Microsoft owes everything to Justice
BY ANDREW LEONARD (06/08/00)
Contrary to the assumptions of ["Big Blue: IBM's Use and Abuse of Power" author] Richard DeLamarter, IBM wasn't interested in buying the Microsoft of that era because the organization that was developing IBM's microcomputers was purposely distanced from the IBM central organization. It was separated geographically and culturally and was given marching orders and a manager that virtually assured that they would not do things the IBM way. And they didn't.
The microcomputer division elected to speed development by going outside of IBM for virtually the entire assembly. They used an Intel processor, third-party disk drives and third-party software. IBM had no intention of buying Microsoft for the same reason it had no intent to buy Intel. It was never in the cards.
If DeLamarter wishes to display his depth of understanding of IBM then perhaps he can explain why IBM didn't sew up exclusive rights to the operating system that they purchased from Microsoft? Was IBM displaying its newfound spirit of fair play? Or was it that at IBM, microcomputers were viewed as toys that IBM's unreasonable customers were showing an interest in and why not have them buy IBM toys? They certainly weren't real computers, the kind IBM had grown up, and rich, on. So why spend vast amounts of capital building all-IBM computers? Bang together a bunch of purchased components, slap an IBM logo on the front, charge plenty for it and wait for this unseemly interest in toys to subside. Why concern yourself with long-term commitment for a phenomenon that will blow away when common sense reasserts itself?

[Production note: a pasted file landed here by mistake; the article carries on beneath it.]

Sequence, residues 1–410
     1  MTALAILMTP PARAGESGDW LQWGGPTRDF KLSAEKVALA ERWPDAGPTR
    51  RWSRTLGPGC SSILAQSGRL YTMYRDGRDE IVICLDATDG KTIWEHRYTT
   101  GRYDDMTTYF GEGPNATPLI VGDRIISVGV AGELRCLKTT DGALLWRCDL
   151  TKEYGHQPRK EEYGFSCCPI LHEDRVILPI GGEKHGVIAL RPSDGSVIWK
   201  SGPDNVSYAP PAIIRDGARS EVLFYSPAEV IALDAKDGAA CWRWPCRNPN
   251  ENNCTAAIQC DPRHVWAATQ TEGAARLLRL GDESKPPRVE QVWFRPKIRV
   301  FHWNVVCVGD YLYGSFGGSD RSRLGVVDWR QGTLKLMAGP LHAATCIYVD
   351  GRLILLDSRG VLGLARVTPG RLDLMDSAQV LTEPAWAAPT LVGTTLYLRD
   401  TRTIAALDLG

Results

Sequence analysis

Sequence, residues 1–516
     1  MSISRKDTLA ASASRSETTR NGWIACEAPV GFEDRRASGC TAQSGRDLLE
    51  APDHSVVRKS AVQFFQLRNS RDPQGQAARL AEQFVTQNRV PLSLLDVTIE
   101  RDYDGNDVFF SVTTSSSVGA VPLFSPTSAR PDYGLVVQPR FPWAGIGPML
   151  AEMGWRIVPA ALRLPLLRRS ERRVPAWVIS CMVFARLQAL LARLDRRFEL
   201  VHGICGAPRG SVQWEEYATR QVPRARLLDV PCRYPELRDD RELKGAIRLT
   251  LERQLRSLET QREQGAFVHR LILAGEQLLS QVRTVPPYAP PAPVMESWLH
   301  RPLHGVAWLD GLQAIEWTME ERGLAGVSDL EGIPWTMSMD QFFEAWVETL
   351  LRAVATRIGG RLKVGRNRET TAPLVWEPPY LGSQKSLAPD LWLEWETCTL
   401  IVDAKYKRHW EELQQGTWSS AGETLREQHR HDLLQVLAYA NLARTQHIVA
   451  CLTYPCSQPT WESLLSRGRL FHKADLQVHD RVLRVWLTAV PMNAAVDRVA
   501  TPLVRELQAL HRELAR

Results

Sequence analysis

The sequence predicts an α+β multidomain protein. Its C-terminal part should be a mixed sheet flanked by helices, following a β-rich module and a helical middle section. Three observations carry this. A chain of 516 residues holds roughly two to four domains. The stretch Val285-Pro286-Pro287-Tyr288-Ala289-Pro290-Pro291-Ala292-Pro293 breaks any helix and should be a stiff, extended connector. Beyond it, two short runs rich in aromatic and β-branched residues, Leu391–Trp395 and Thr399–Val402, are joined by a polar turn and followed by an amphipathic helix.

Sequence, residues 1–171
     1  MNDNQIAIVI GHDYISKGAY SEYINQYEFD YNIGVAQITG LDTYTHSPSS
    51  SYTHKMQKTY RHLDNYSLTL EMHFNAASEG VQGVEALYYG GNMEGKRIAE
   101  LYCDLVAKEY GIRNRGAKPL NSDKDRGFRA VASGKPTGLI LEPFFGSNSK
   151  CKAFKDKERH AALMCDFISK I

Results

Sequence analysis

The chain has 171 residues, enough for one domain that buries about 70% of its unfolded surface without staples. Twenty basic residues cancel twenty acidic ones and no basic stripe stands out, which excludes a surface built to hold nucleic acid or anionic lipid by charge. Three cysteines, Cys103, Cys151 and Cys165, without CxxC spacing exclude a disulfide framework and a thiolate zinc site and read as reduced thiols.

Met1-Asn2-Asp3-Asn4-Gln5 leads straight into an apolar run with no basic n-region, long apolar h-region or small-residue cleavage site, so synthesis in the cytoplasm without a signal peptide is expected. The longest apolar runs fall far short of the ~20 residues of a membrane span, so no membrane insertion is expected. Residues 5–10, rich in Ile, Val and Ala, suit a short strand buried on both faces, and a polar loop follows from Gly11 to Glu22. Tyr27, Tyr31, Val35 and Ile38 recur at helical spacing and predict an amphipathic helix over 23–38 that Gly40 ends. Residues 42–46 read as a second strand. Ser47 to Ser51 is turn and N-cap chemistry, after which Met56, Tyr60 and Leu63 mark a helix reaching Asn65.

The truth of the matter is that IBM is still a big, important company. It is still a big fish. But the pond that IBM used to inhabit and dominate has grown much bigger. Too big for IBM to dominate every part of it. The same thing is happening to Microsoft. Set-top boxes, handhelds, intelligent cellphones, Internet appliances and SANs and ASPs and God knows what else are making the computer market much bigger than when Microsoft managed its ascendancy. And just like IBM, Microsoft will remain a big, important company. A big fish. But once again the pond will have grown and, like IBM, Microsoft won't tower over the new, much larger computer market. The evidence of that change is already there. You just have to decide not to ignore it.
-- Allen Majorovic